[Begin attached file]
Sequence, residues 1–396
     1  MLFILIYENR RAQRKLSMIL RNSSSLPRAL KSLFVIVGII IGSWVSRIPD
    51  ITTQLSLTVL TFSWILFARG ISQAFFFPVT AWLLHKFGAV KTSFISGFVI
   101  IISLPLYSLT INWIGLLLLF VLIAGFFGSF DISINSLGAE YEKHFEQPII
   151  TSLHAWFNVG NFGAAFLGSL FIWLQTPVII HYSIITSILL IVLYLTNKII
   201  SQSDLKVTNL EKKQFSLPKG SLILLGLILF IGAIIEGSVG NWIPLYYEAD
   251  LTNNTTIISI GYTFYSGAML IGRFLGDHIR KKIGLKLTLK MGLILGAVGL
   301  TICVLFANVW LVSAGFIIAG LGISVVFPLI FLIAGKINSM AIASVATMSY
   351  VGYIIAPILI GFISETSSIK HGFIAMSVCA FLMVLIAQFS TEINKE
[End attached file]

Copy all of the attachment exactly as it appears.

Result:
Sequence, residues 1–396
     1  MLFILIYENR RAQRKLSMIL RNSSSLPRAL KSLFVIVGII IGSWVSRIPD
    51  ITTQLSLTVL TFSWILFARG ISQAFFFPVT AWLLHKFGAV KTSFISGFVI
   101  IISLPLYSLT INWIGLLLLF VLIAGFFGSF DISINSLGAE YEKHFEQPII
   151  TSLHAWFNVG NFGAAFLGSL FIWLQTPVII HYSIITSILL IVLYLTNKII
   201  SQSDLKVTNL EKKQFSLPKG SLILLGLILF IGAIIEGSVG NWIPLYYEAD
   251  LTNNTTIISI GYTFYSGAML IGRFLGDHIR KKIGLKLTLK MGLILGAVGL
   301  TICVLFANVW LVSAGFIIAG LGISVVFPLI FLIAGKINSM AIASVATMSY
   351  VGYIIAPILI GFISETSSIK HGFIAMSVCA FLMVLIAQFS TEINKE